Friday, February 08, 2008

eGovernment in Hong Kong

In his talk on Wednesday, Joeson Wong, a postgraduate researcher at UNSW's Cyberspace Law and Policy Centre, discussed eGovernment policies in Hong Kong.

Hong Kong has a Personal Data (Privacy) Ordnance (PDPO). It has a Digital 21 Strategy, which started after the 1997 Asian financial crisis and was revised in 1998, 2001, 2004 and 2008.

Joeson discussed the lack of a commonly accepted definition of what e-Government is and argued it is a new concept, multi-disciplinary and there are cultural differences in different countries. He distinguished between internal government processes and external interaction with the citizens effected by e-Government.

Initially the HK strategy was to put government information online, then provide government services on-line. The strategy then moved to quality and effectiveness, including efficiency of government processes. There is no aspect of community consultation or e-democracy in the strategy.

Since 2007 free WiFi hot spots have been installed. WiFi cameras are being installed in the MTR (Metro). Digital surveillance cameras are being installed in public housing estates (with records being kept by the housing authority). This seemed to stray from the topic, but Joeson seemed to be saying that the surveillance was being done under the cover of the e-Government strategy.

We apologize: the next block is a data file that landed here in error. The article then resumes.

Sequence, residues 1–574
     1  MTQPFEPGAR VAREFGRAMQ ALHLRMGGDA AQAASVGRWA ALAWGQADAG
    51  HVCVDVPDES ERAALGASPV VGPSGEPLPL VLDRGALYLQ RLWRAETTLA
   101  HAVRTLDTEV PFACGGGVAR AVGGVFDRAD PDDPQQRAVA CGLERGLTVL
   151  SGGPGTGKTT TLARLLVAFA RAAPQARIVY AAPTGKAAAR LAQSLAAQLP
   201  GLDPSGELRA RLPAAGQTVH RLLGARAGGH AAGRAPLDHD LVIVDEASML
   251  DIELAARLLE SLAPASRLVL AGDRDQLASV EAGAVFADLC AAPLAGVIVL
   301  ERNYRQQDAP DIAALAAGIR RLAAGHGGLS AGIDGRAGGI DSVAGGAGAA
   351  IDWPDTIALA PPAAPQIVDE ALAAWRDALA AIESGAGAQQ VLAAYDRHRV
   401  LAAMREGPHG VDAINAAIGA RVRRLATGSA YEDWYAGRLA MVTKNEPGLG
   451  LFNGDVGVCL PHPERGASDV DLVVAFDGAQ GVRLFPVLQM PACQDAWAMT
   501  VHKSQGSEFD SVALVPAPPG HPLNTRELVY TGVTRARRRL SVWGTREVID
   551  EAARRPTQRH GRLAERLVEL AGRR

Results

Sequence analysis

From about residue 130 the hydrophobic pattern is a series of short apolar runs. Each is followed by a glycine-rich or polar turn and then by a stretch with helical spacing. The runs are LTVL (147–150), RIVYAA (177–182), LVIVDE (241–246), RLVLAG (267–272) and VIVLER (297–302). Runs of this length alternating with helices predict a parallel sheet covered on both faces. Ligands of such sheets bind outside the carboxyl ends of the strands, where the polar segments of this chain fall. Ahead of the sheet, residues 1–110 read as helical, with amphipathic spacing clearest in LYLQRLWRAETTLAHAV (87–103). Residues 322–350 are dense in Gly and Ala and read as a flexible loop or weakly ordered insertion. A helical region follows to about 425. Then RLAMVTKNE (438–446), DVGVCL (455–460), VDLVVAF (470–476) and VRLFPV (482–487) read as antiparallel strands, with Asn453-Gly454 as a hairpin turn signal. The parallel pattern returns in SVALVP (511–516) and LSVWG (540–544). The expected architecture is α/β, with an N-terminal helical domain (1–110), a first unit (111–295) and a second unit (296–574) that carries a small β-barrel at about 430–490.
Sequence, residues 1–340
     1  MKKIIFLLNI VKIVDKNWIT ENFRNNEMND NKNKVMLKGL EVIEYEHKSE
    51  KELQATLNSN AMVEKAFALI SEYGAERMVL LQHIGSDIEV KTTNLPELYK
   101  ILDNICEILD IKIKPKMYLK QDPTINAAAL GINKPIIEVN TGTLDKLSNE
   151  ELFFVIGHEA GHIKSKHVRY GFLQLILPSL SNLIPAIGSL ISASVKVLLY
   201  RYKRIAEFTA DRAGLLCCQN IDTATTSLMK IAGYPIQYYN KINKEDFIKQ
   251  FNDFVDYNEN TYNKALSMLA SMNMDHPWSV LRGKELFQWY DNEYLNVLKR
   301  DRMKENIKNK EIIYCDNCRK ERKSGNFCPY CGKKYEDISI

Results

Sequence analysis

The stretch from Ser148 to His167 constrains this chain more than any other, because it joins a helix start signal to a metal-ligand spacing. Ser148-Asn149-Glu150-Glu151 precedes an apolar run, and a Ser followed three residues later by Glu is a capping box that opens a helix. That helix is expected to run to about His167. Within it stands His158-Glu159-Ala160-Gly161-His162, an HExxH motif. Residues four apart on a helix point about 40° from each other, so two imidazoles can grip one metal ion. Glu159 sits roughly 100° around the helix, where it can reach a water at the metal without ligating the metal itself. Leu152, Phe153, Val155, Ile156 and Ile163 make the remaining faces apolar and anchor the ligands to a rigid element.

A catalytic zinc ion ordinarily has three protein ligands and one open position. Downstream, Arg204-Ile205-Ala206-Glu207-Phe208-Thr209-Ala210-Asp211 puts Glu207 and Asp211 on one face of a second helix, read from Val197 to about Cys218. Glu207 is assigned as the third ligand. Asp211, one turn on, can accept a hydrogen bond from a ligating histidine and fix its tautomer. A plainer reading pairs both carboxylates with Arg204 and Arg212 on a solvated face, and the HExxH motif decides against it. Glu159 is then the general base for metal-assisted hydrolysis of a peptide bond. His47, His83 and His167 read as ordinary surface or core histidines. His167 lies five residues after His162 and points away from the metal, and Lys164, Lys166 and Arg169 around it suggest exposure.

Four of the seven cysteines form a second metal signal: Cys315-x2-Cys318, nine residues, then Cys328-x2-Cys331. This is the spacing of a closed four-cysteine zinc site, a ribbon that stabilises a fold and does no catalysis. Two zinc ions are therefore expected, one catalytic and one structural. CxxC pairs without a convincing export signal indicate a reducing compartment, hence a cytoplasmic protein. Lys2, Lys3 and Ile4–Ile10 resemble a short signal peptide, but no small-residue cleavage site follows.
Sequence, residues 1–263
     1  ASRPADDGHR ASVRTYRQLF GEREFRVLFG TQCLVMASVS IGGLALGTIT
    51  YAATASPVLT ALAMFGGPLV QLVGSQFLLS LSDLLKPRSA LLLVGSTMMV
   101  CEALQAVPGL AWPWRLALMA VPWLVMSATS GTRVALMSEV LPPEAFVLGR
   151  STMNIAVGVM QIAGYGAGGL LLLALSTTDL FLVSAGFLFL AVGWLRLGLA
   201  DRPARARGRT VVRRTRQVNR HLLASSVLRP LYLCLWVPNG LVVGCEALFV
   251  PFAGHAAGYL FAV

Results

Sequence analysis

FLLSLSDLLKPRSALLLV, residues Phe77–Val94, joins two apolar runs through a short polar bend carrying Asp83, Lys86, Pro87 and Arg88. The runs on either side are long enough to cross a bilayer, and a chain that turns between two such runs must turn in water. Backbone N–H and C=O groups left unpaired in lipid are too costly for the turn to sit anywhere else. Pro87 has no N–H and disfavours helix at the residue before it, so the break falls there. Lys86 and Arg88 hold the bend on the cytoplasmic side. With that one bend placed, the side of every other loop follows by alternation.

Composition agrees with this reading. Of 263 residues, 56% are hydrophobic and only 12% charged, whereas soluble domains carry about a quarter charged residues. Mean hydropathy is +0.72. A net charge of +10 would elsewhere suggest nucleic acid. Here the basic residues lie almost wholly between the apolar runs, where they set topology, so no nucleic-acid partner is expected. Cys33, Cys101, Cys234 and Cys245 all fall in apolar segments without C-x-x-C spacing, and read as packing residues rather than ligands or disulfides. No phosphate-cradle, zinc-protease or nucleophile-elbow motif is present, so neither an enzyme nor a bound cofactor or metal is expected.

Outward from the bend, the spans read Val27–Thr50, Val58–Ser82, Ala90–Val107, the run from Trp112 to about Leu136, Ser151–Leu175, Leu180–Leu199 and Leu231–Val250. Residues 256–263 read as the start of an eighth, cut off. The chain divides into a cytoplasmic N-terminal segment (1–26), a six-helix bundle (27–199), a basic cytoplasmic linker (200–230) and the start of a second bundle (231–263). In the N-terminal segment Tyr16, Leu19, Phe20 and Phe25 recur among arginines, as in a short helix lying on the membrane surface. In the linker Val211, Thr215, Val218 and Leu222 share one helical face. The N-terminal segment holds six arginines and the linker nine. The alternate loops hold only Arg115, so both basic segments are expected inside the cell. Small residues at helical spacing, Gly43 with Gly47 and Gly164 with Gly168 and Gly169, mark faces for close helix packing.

HK has a new government portal and new proposals to "review" (close down) non-online services. Joeson raised the issue of how citizens who are unable, or unwilling to use on-line services will cope. In Australia, one way this is addressed is via public libraries with web access. Another option popular in Japan and China is the use of mobile phones. New web appliances, such as those from ASUS built into a TV, may make a difference.

Digital smart card based certificates in Hong Kong have not been successful, after 10 years, with loss of 1.5 billion HK dollars lost. The project is being transferred to a private company after being run by the Post Office. Australian had a similar problem, but on a smaller scale, with Australia Post having a failed digital certificate service.

Joeson argued that eGovernment initiatives should be examined from a privacy perspective, with European style privacy principles.

As with
Martin Backes' talk, I thought Joeson's analysis suffered from the assumption that "Government" was a useful quality label for online services. Services may be provided by government, by non-profit organizations or by for profit companies. All of these need a way for customers to assess the quality of the service and to be consulted on what should be provided.

One way to look at e-Government might be to examine the administration and provision of services for cluster housing, such as apartment buildings. At this level important services are delivered to citizens by a mix of government, non-profit and for profit organizations. A comparison between Australia, Germany, HK and China would be useful.

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